1 year ago

The sixth day of the trial of Enrique Arochi, who is accused in the disappearance of UTD alumna Christina Morris, continued with the court hearing testimonies from several witnesses, including Arochi’s neighbor, his ex-girlfriend and detectives from the Plano Police Department.

The morning began with Judge Mark Rusch directly questioning Jacob Talamantes, who used to work with Arochi at the Sprint store in Wylie, TX. He was found discussing the case with another witness and with a cameraman on television last night. Talamantes spoke to the judge about his several arrests for marijuana possessions in Dallas County, Plano and Fort Worth over a period of two years.

“His anticipation of a deal is interesting,” said Rusch, referring to the fact that Talamantes seemed to have wanted a deal to waive a pending drug charge in exchange for testifying in the case. The questioning of Talamantes finished at 8:58 a.m.

Next, Catherine Foreman, a police officer at Plano PD, took the stand. Foreman was attending a football game at Allen High School when she was approached by another parent with information pertaining to the Morris case. Foreman said the parent told her she recognized Arochi from surveillance footage, even though Arochi’s name had not been made public yet. Foreman also knew the Arochi family personally, as her son was close with Carlos Arochi, Enrique’s brother.

Arochi’s former neighbor, Traci Reaves, was then called to the stand. Reaves, who had a surveillance camera on the corner of her house, said Arochi contacted her on Sept. 4, 2014 and asked her to check her surveillance footage. The prosecution showed a satellite map of Reaves’ and Arochi’s houses, pointing out the location of the camera. Reaves testified there was nothing of interest on the footage to turn over to the Plano PD.

Rand Aridi, a 2013 graduate of UTD and Arochi’s ex-girlfriend, was called to the stand. She said she and Arochi began dating in 2009 in what was an on-off relationship. By 2014, she confirmed she and Arochi were exclusive and that they would talk to each other many times per day.

The prosecution showed screenshots of admitted text messages between Aridi and Arochi on Aug. 29, 2014. Arochi sent a message to Aridi at 8:02 p.m. saying, “Taking the black off my rims” to which Aridi responded, “Oh okay.” He then went on to complain of a headache and said he was going to sleep, promising Aridi to call her the next day before his 8 a.m. shift at the Sprint store.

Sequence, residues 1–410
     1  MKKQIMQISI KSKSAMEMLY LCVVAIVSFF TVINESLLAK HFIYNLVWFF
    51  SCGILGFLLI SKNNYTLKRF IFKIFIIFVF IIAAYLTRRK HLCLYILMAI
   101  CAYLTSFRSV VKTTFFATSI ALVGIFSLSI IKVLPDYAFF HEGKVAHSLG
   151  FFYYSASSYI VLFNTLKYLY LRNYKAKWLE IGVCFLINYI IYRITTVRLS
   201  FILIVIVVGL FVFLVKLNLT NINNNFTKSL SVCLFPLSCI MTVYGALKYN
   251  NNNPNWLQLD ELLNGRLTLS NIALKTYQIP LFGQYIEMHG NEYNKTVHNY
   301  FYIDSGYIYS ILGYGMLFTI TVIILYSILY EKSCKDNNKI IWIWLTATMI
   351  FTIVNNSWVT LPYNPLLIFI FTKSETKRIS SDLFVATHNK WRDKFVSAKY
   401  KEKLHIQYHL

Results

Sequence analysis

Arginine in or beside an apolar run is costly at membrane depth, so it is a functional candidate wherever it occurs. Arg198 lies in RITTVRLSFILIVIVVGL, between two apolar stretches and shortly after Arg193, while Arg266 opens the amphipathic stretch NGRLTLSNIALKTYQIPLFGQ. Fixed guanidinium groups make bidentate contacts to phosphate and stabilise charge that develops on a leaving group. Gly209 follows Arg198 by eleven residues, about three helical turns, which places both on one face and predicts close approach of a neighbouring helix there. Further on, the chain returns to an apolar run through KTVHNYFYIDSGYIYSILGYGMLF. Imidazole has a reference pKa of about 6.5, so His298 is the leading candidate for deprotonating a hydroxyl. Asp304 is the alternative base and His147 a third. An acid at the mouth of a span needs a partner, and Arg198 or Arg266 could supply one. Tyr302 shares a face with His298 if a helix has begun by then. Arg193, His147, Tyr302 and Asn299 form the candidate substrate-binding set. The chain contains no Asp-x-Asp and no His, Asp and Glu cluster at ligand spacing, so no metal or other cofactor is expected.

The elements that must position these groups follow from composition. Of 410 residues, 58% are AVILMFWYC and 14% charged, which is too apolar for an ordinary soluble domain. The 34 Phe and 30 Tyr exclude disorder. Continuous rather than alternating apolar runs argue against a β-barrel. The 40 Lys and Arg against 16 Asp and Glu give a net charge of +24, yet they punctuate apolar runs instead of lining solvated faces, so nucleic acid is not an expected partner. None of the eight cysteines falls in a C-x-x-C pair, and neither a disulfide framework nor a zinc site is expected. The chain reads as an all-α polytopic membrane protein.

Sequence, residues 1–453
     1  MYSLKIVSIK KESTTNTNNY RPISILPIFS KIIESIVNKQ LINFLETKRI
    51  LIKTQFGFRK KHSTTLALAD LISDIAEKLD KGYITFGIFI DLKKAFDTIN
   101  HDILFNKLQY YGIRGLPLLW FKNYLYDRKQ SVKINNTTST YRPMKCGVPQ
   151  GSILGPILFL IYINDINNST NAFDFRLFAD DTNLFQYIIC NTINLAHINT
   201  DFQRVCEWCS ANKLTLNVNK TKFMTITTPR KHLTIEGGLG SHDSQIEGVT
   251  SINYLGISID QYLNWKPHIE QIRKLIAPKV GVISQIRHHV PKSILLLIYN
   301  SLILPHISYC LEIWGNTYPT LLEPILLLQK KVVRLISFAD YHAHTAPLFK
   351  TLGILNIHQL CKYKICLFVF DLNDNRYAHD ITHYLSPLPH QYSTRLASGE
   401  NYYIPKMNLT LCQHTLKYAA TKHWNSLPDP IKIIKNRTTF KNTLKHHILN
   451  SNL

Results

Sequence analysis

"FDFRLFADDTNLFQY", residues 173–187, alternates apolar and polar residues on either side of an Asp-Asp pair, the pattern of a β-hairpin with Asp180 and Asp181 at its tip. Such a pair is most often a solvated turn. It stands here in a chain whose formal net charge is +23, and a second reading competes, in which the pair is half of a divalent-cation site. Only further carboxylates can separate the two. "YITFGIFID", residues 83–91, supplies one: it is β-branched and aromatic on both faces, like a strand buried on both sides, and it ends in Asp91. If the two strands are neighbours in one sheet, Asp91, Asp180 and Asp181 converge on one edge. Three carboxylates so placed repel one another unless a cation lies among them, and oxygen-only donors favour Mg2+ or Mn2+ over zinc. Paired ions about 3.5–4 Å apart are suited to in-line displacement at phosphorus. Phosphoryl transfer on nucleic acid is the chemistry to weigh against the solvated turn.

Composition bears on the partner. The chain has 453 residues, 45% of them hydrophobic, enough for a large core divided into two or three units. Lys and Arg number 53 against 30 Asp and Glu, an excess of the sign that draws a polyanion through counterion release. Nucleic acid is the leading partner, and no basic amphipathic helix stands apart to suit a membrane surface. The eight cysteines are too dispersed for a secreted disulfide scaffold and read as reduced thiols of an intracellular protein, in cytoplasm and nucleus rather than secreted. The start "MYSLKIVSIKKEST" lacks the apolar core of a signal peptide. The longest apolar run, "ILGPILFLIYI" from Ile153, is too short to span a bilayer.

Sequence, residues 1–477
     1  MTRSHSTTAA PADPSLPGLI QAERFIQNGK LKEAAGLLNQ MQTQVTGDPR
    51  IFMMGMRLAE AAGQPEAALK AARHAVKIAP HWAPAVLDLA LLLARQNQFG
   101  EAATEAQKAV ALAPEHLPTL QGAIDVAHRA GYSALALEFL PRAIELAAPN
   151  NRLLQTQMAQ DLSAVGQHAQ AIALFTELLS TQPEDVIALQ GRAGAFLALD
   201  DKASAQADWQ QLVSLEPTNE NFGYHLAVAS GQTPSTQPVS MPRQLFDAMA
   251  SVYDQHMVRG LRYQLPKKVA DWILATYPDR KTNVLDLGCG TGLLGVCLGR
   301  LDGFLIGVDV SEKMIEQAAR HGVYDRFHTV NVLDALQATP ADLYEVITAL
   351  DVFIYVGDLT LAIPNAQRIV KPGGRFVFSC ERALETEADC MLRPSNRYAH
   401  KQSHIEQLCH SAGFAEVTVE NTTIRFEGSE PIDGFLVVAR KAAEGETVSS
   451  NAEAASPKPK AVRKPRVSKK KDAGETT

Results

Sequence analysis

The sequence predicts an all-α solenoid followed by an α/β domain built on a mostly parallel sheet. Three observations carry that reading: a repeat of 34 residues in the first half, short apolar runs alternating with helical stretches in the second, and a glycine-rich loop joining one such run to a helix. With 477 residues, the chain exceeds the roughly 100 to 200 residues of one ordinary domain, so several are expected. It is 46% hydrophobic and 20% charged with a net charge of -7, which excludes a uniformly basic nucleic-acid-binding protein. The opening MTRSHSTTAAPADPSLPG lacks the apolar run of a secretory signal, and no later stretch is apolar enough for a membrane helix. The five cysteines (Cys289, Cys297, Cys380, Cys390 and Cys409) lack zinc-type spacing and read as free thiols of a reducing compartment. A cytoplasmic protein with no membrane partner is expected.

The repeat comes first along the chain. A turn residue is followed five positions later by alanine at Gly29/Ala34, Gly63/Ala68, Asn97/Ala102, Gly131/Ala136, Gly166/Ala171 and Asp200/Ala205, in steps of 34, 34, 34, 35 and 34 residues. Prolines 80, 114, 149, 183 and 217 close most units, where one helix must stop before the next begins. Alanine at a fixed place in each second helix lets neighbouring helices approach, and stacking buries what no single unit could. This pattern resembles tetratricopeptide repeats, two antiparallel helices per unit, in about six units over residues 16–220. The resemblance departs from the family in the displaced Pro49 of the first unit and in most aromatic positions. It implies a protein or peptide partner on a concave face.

The first communication between the two the next day was at 10:52 a.m. Aridi said she confronted Arochi, who told her he had slept through his alarm. In addition, Aridi testified that she saw that Arochi’s hand was cut and bruised around his knuckle area later on Aug. 30, 2014. Aridi and Arochi stopped talking to each other in early 2015, and Aridi eventually broke it off. She said Arochi had tried to reach out to her, but she said she didn’t respond.

The defense began questioning Aridi after morning break, asking if she knew any of the girls Arochi had been with on the night of Morris’ disappearance. Aridi testified that she knew of them and thought Arochi was interested in one of them. She then said that she didn’t know that Arochi’s car was damaged until the detectives told her about it. Arochi told her he punched his car.

The prosecution then called Fred Garcia, a detective for the PD who was court-ordered to install a GPS tracking device on Arochi’s car.

“We were hoping he would go back to wherever he left her,” he said.

He said he had difficulty placing the device due to the car’s low profile. Garcia testified that after he finished examining the underside of the car to find a suitable spot for the tracking device, he pulled out his hand to find it clean – a first for him.

“I’ve been under brand-new cars in car lots and never came back with a clean hand,” Garcia said. “It was absurdly clean…it was better than showroom condition.”

The defense cast doubt on his testimony, pointing out the fact that Garcia wrote a supplemental report on June 24, 2016 – nearly one year and nine months after Garcia inspected the car

Daniel Caballero, a police officer with the Crimes Against Persons (CAPERS) unit in the Plano PD, took part in an aerial search in the region surrounding the Shops at Legacy, where Morris went missing, using a DPS helicopter.

He was also tasked with searching through Arochi’s trash for items that may have been pertinent to the case. The prosecution brought into evidence several items including a post-it note in Spanish that translated into “black shirt, texts from the 29th till today, bank bills, cellular bills” – something that Caballero found significant because Arochi wore a black shirt the night Morris went missing.

Caballero also said he found a used roll of gorilla tape and a bottle of OdoBan – items, he said, could be used to tie up a victim and mask the smell of a decomposing body. The defense countered by asking whether gorilla tape and OdoBan were common household items, to which Caballero responded yes.

The trial recessed for lunch break at 11:58 a.m. Rusch expressed concern that Arochi had become very pale and instructed an officer to have a nurse check Arochi’s blood pressure.